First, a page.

Posted by: janpierce | February 26, 2012

I Feel Your Pain

  This past week I watched the evening news and saw a two-year-old Syrian child die from shrapnel wounds. I watched his father hold him and vow revenge and ask anyone who would listen, “What has this child done to anyone?” I read the account of the Pastor in Iran who has been condemned to death for his faith. I watched prisoners die in a fire in South America and in riots in Mexico.

Closer to home, a long-time friend died suddenly, we have a dear friend with cancer, another with heart problems and my mother is in a rehabilitation center after breaking her hip. In the midst of circumstances that break our hearts, I’ve been asking myself this question: How do we adequately show our compassion for one another? How do we truly share in one another’s pain?

We say things like “My thoughts and prayers are with you.” We may even go the extra mile sometimes and write notes or send e-mails or do a kind deed. But I’m pretty certain that we never fully enter into another person’s pain. We stand beside them and offer the bit of empathy we can gather, but then we go back to our daily life–we do the laundry, go to the bank and decide what to cook for dinner. If we’ve personally experienced the situation another is facing, it helps, but still, it’s another’s pain and suffering, not our own. It lives a distance away from our heart. It’s not that we’re cruel or uncaring people, we’re just limited in our capacity to really experience another’s grief.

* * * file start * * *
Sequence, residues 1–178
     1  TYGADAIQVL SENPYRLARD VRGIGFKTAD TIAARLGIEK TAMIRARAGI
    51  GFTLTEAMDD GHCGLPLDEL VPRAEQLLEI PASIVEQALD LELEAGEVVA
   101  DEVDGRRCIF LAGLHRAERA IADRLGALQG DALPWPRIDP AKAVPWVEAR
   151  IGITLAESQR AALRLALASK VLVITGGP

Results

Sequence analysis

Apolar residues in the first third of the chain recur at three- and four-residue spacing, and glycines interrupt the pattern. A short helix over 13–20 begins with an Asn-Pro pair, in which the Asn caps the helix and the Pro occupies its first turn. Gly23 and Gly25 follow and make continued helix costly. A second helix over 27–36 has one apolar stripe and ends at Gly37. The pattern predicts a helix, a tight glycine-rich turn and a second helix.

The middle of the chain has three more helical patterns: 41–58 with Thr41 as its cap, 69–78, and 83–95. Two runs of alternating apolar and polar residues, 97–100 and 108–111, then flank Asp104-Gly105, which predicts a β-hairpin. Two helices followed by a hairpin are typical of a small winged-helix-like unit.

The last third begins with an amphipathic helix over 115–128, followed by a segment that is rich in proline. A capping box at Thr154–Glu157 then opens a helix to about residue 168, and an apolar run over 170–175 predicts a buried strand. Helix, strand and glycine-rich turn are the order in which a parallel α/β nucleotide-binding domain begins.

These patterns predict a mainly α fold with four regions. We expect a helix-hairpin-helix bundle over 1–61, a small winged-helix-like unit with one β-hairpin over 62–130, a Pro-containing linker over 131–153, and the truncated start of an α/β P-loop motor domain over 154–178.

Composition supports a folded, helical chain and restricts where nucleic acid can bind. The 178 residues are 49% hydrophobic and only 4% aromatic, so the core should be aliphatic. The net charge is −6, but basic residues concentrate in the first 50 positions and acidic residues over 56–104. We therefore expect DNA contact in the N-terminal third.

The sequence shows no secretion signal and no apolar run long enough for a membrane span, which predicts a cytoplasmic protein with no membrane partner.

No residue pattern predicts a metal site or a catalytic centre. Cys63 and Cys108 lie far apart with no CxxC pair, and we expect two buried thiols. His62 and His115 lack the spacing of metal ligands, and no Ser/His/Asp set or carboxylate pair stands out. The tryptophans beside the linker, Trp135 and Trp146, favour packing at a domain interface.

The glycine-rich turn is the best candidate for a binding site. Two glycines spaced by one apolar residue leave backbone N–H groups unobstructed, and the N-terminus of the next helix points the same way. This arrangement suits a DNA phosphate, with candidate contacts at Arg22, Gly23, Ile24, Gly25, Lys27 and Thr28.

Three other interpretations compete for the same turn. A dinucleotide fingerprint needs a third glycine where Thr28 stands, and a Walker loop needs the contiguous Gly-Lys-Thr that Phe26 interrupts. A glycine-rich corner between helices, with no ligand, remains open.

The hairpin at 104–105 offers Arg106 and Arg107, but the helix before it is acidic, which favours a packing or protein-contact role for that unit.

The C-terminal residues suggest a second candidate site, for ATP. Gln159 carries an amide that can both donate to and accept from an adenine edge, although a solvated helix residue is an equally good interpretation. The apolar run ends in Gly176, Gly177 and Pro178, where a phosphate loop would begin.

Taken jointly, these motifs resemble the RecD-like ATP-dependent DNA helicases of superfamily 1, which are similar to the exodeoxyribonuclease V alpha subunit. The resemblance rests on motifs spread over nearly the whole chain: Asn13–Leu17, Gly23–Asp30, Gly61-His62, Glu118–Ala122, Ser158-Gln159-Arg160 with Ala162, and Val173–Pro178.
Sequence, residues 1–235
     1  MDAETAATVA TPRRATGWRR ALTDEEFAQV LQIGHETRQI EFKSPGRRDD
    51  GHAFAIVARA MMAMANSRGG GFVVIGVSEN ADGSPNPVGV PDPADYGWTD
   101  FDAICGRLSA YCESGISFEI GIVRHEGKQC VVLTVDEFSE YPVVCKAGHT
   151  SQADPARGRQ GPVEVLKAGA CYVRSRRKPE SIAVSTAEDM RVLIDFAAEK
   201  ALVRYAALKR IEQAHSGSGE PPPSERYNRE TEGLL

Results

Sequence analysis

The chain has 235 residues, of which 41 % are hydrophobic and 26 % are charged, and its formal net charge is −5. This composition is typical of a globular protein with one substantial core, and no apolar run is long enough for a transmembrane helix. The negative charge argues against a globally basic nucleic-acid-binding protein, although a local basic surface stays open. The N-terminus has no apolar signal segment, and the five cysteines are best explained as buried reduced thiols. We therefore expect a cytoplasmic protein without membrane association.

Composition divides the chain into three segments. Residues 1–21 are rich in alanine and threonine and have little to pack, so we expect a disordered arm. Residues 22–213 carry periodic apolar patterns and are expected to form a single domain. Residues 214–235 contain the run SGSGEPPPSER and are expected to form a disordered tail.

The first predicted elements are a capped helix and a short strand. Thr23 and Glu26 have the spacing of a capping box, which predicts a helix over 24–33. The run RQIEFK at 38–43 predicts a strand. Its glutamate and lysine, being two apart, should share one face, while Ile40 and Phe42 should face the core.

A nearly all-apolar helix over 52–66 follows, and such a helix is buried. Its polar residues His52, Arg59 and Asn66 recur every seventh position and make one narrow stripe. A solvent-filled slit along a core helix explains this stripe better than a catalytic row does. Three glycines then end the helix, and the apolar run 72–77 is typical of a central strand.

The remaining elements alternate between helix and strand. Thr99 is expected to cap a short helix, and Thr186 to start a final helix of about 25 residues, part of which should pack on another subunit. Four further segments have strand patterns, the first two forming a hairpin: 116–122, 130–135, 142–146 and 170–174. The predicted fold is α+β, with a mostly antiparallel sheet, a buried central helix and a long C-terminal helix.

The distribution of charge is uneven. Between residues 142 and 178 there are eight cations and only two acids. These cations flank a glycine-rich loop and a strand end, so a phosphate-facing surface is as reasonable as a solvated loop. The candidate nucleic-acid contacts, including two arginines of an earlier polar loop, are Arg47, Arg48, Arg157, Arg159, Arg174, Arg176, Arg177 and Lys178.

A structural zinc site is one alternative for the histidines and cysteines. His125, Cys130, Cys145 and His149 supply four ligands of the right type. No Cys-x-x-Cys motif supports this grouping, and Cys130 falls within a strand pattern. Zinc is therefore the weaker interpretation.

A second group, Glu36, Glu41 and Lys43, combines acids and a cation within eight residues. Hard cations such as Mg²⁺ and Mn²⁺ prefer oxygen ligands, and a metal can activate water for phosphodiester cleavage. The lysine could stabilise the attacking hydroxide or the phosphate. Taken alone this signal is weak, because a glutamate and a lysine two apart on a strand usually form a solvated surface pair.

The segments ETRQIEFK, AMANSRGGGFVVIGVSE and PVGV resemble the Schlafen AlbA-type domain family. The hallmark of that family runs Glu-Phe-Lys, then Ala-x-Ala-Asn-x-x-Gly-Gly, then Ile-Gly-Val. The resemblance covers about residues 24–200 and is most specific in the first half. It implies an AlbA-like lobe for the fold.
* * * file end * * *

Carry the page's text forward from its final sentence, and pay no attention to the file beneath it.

I have a theory, but I might be wrong. I think a thousand years ago people lived in little communities  and knew just a small group of people. There were other villages a distance away and they were either the enemy, or a place to find marriage partners. Life was simpler and quieter and people didn’t watch all manner of carnage on screens each evening. There might be violence and war from time to time, but people only knew about the losses in their own community. They didn’t carry the weight of a whole world of trouble. How can we care about five or eight or twenty million people? How can we take in the sheer scale of evil and disaster over the face of the earth?

The truth I always come back to is this: we can’t do it, but God can. When I try to care deeply for others I will always find my responses wanting. I’ll feel deeply when the pain is mine or if it belongs to someone I love very much. I’ll feel it less when it’s a friend or acquaintance. I’ll barely react when it’s someone I don’t know. But here, finally, is the good part. Because God lives inside me I can, when prompted or when I seek Him wholeheartedly, walk in selfless, agape love. I didn’t used to think that was possible, but yes, it is. It is costly though. That love is like Lucy’s healing elixir given by Aslan–it’s very precious. I want some.

 

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Responses

  1. Me, too. Thanks, Jan. I rarely watch the news anymore–I just can’t do it. But I don’t want my compassion to shrivel up, either. I just need the Lord’s direction as to how and where to send it.

  2. Grounding & encouraging, thank you Jan – as always, your words bless me & intern, those I abide with!

  3. Wow, Jan! Such a thoughtful piece…and so timely! So many parents of friends….will have to print this and pass it on!

  4. Words of wisdom. We need God. Thank you, Jan


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